DEPARTMENT OF THE NAVY -- NAVAL HISTORY AND HERITAGE COMMAND
- Selected Documents of the Boxer Rebellion
- Bibliography on the Boxer Rebellion
- Battle Streamer: China Relief Expedition 1900-1901
- Lieutenant Commander George H. Rose, USNR (1880-1932)
- Medal: China Relief Expedition
- Navy Medal of Honor: Boxer Rebellion 1900The origins of anti-Western attitudes in China are difficult to trace, but widespread dislike by the population at large goes back to at least the Opium War between Britain and China (1839-1842). These feelings worsened over the course of the 19th century as Western colonial powers, as well as Russia and Japan, negotiated for, leased, and even seized portions of the Chinese Empire. Following the 1895 Sino-Japanese War, several European powers secured territorial and commercial concessions from China, including the 1897 seizure of Kiaochow and Tsingtao by Imperial Germany. This intervention precipitated a new wave of even bolder efforts to force concessions from China, further exacerbating tensions.
Anti-foreign sentiment resulted in the rapid growth of a Chinese secret society (which had existed for centuries) known as the I Ho Ch'uan (Righteous Harmonious Fists), but referred to by the Westerners as `Boxers.' The Boxers called for the expulsion of the `foreign devils' and their Chinese Christian converts. The society stressed the ritualistic use of the martial arts and traditional Chinese weapons. Anti-foreign incidents, including the burning of homes and businesses, increased dramatically in 1898 and 1899, and was primarily directed at Chinese Christians. The number of killings by the Boxers continued to grow, and on 30 December 1899 included a British missionary. Western governments lodged strong protests with the Chinese Dowager Empress, Tzu Hsi. She responded on 11 January 1900, with a declaration that the Boxers represented a segment of Chinese society, and should not be labeled a criminal organization. Her unenthusiastic support for the Chinese Army's attempts at quelling the violence and the influence of Boxer sympathizers at the Imperial court, led Western governments to deploy military forces on the Chinese coast to protect their citizens and interests.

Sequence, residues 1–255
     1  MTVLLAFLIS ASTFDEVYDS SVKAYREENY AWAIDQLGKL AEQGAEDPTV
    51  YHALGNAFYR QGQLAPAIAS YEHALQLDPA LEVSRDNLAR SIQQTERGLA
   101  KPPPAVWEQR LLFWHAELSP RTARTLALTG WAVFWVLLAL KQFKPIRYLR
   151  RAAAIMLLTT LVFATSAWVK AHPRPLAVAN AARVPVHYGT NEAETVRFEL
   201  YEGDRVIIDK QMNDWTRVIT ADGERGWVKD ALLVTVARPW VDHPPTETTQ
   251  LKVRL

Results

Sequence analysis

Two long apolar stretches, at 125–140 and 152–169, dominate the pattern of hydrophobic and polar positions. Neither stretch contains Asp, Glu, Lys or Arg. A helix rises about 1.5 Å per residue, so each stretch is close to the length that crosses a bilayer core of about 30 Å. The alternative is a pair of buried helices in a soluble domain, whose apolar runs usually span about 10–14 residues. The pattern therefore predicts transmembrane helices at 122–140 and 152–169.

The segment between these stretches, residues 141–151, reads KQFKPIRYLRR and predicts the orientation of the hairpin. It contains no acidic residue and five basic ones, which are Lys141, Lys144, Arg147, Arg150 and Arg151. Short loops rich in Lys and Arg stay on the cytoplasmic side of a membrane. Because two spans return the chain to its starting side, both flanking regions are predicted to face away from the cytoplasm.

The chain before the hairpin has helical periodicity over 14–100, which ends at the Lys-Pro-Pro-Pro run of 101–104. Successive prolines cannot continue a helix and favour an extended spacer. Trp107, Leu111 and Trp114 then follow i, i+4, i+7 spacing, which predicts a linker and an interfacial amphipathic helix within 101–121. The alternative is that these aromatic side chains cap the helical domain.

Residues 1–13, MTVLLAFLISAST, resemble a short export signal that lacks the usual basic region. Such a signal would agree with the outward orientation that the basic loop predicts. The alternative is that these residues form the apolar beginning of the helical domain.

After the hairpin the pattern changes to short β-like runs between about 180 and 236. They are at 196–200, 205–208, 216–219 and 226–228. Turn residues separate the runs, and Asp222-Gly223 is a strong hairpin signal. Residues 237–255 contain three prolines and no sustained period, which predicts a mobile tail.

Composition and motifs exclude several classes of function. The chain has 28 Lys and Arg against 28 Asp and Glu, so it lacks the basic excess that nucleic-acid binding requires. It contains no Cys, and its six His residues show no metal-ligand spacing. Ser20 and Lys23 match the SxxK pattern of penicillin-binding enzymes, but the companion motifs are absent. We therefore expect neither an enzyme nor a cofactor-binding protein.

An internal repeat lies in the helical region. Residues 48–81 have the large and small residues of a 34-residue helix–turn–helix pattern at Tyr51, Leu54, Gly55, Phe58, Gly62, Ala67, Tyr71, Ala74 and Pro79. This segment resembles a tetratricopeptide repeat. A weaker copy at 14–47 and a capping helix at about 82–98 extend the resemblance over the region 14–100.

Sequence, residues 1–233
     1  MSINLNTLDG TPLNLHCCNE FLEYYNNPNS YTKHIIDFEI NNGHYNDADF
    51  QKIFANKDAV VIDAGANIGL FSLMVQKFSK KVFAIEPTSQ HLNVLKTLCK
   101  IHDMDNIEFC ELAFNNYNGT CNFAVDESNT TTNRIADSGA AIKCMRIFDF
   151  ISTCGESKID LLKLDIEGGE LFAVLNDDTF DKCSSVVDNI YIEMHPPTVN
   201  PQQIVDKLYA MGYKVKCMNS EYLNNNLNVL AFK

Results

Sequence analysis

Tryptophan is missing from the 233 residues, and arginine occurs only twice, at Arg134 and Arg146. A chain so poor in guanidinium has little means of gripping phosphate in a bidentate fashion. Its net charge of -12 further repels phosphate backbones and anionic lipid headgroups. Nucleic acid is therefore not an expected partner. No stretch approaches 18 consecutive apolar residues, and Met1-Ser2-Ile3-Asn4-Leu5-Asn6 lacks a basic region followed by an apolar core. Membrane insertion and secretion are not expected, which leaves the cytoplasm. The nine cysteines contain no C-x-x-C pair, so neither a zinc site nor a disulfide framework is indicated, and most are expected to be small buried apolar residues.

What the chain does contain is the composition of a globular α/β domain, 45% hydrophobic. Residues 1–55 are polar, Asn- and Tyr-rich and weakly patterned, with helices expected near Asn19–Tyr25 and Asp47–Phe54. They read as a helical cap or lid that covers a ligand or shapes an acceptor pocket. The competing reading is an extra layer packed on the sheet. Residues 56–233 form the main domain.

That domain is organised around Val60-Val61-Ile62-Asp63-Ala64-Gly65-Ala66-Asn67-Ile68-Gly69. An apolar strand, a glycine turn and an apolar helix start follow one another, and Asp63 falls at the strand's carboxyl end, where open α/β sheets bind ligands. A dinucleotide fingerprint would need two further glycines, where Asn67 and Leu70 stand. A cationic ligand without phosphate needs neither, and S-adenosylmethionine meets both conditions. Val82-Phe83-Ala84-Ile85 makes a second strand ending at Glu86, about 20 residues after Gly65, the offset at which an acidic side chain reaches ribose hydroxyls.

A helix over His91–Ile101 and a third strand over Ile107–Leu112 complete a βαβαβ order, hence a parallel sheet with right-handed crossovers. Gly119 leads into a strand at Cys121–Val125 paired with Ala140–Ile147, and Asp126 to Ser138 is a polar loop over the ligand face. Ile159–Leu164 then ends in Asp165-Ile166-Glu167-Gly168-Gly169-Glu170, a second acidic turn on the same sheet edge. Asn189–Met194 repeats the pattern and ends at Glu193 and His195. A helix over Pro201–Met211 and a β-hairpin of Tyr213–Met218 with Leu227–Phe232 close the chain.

By spring 1900, Boxer violence was virtually unchecked by Chinese authorities. On 30 May, the foreign ministers at Peking (today known as Beijing, but at the time referred to as Pekin) called for troops to protect the legations at Peking. Four hundred and thirty Sailors and Marines (including fifty-six Americans from USS Oregon and USS Newark) from eight countries arrived at the legations on 31 May and 4 June. On 9 June, the Boxers began attacking foreign property in Peking, and the senior foreign minister, Great Britain's Sir Claude MacDonald, requested a sizable relief force just before the telegraph lines were cut.Read moe at The Boxer Rebellion and the U.S. Navy